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2014 | 4(30) | 7-18
Article title

The Macedonian Question in the Light of Documents of the Serbian Diplomacy 1903-1914

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Languages of publication
EN
Abstracts
EN
In the early 20th century Macedonia became the focus of the political activity of the Balkan states, interested in partitioning this Turkish territory. From the Serbian perspective, Bulgaria emerged as the main rival of Serbia, its aspirations to the Macedonian territory rooted in Bulgarian national mythology. Hence the Bulgarian government’s actions and activities were closely watched by Serbian diplomats. They viewed Bulgarian politics as a complex, ambiguous game. The Bulgarians simultaneously made preparations for a war with Turkey and tried to keep the appearances of friendly relations with Turkey and Bulgaria’s neighbors: Serbia and Greece. Initially, Bulgaria intended to incorporate the whole of Macedonia but soon realized its own weakness and the determination of its neighbors. Thus, the Bulgarian prime minister made an offer to Serbia, proposing an alliance and participation in the partition of Macedonia of whose territory Bulgaria would get a bigger share. Serbia did not want to accept this offer but at the same time it was afraid of the hostile reaction of Austro‑Hungary to its own aspirations, involving even Austro‑Hungary entering into some secret alliance with Bulgaria. Consequently, Serbian politicians decided to seek a compromise. An analysis of Serbian diplomatic documents has shown that from 1911 a slow process continued of Bulgaria and Serbia coming to the conclusion that a consent concerning the future of Macedonia had to be reached but there was no agreement as how to divide up the Macedonian territory between the two sides. Arguments continued on how to define the Serbian and Bulgarian zones, the demarcation line, etc. Each side formulated its boundary conditions and there was little progress in negotiations. In the end, the prospective Serbian and Bulgarian zones were defined and also the so‑called “disputed territory” whose status would be decided through arbitration by the Tsar of Russia. However, Bulgaria and Serbia remained deeply distrustful of one another and the course of the first Balkan War in 1912 would soon demonstrate that Bulgaria, Serbia, and also Greece had each an intention to incorporate the largest possible part of Macedonian territory with no regard for any earlier treaties.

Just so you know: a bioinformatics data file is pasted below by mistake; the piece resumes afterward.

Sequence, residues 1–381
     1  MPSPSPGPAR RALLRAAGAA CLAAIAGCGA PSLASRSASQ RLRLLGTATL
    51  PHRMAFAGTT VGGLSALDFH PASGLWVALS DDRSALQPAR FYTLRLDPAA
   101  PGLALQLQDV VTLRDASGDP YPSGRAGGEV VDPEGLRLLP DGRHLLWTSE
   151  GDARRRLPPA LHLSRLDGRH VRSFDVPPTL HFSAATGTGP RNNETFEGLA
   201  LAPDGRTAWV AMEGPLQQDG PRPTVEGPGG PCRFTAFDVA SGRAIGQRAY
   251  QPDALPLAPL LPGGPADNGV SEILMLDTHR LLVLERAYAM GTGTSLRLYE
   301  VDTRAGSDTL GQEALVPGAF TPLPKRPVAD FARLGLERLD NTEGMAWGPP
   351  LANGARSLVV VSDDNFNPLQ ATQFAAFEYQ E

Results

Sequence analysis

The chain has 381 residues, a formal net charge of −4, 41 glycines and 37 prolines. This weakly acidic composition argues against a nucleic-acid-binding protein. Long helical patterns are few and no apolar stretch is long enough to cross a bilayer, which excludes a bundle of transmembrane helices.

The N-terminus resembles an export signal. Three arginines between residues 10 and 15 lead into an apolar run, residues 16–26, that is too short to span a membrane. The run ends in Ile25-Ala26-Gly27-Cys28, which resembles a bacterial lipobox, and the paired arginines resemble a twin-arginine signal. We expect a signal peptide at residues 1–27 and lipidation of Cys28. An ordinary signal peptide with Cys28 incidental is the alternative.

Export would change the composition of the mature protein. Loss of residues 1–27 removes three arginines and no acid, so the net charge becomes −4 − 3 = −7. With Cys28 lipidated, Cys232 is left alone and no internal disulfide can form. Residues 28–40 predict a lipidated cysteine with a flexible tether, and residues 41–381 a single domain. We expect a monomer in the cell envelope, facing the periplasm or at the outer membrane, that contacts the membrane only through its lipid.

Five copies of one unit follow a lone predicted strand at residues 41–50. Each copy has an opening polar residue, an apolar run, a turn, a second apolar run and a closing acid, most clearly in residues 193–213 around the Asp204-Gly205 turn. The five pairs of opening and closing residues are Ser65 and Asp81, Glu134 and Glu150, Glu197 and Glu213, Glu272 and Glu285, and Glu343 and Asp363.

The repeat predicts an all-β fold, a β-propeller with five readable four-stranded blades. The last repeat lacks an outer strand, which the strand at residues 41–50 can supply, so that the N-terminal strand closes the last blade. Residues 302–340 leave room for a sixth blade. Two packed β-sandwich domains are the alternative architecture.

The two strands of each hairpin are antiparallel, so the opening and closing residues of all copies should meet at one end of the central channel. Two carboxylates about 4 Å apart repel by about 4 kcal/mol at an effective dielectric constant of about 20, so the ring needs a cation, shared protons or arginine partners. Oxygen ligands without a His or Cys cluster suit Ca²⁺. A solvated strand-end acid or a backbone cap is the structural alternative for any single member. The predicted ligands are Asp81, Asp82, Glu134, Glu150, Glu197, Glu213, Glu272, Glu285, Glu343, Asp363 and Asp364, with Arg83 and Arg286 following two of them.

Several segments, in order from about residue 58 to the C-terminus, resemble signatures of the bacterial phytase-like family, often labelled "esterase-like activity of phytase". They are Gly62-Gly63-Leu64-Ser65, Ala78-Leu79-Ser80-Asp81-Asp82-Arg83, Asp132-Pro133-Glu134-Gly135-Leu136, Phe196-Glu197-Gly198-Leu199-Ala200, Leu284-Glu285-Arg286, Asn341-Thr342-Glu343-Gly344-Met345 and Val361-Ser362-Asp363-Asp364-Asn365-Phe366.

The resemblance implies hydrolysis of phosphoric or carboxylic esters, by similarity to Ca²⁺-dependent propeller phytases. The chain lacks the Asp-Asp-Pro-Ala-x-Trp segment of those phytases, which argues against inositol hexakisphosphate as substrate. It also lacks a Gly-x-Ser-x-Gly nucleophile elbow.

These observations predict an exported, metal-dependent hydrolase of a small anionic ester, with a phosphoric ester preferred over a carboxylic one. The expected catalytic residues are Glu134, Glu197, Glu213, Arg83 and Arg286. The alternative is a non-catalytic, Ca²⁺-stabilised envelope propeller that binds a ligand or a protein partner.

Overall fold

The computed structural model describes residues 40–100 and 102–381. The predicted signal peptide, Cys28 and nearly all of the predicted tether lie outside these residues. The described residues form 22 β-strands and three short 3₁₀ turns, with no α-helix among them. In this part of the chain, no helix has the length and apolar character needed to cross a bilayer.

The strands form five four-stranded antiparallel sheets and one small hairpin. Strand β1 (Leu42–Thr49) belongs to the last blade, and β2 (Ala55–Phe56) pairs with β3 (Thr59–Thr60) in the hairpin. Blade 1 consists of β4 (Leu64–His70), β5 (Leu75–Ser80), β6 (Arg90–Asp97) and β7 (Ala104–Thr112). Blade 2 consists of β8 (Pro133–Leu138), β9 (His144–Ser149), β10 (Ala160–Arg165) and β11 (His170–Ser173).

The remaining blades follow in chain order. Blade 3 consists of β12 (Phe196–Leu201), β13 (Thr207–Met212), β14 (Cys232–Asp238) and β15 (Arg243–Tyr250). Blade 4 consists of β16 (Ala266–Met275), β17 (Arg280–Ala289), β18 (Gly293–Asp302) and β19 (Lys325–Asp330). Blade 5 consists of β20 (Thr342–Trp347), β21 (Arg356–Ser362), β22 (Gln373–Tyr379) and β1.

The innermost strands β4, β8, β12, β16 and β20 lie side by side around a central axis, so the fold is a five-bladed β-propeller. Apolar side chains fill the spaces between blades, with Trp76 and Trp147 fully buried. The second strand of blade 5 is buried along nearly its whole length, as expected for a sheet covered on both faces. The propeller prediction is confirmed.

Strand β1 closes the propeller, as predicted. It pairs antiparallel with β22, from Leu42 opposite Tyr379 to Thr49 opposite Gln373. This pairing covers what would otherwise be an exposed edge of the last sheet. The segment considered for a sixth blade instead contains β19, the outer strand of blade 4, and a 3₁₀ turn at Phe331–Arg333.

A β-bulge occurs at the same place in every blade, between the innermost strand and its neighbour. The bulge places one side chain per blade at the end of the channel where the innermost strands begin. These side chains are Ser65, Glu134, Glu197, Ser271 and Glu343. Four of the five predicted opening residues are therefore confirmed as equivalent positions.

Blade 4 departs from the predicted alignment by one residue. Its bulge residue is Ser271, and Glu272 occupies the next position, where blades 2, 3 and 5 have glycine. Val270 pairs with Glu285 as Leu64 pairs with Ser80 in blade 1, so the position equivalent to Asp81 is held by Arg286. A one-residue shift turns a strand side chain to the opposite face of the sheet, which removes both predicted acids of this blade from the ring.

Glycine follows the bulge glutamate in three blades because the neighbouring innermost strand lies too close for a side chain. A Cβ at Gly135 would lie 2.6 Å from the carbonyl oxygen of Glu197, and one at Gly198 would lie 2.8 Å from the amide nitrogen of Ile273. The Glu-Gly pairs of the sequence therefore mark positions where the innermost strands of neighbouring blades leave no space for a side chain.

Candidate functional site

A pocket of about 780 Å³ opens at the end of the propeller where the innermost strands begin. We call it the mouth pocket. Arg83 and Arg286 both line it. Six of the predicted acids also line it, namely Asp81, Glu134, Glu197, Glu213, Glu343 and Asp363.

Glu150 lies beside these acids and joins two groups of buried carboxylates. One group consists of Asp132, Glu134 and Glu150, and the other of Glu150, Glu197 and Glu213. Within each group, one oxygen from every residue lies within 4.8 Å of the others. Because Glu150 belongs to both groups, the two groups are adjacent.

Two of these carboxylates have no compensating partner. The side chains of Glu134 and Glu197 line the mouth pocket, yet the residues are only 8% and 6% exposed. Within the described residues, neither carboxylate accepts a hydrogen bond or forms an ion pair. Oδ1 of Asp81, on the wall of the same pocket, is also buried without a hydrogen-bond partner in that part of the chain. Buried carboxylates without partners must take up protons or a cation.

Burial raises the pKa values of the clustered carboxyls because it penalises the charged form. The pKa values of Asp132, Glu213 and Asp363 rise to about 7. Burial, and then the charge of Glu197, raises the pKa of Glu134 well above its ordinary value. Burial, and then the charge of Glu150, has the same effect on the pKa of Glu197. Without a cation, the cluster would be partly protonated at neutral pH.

Contributors
  • University of Wrocław
References
  • Документи о спољној политици Краљевине Србије 1903–1914, Vol. 1, P. 1: 29 maj/11 jun 1903 – 14/27 februar 1904, Београд 1991.
  • Документи о спољној политици Краљевине Србије 1903–1904, Vol. 4, P. 3/1: 1/14 januar – 31 mart/13 april 1911, Београд 2009.
  • Документи о спољној политици Краљевине Србије 1903–1914, Vol. 4, P. 4/1: 1/14 jula – 30 septembra/13 oktobra 1911, Београд 2009.
  • Документи о спољној политици Краљевине Србије 1903–1914, Vol. 4, P. 4/2: 1/14 oktobra 1912 – 31 decembra/13 januara 1912, Београд 2009.
  • Документи о спољној политици Краљевине Србије 1903–1914, Vol. 5, P. 2: 15/28 jula – 4/17 oktobra 1912, Београд 1985.
  • Документи о спољној политици Краљевине Србије 1903–1914, Vol. 6, P. 1: 1/14 januar –
  • 31 mart/13 april 1913, Београд 1981. Документи о спољној политици Краљевине Србије 1903–1914, Vol. 6, P. 2: 1/14 april – 30 jun/13 juli 1913, Београд 1981.
  • Војводић М., Србија у меđународним односима крајем XIX и почетком XX века, Београд 1988.
Document Type
Publication order reference
YADDA identifier
bwmeta1.element.desklight-c576541e-de41-48d6-8329-25c140a14f1a
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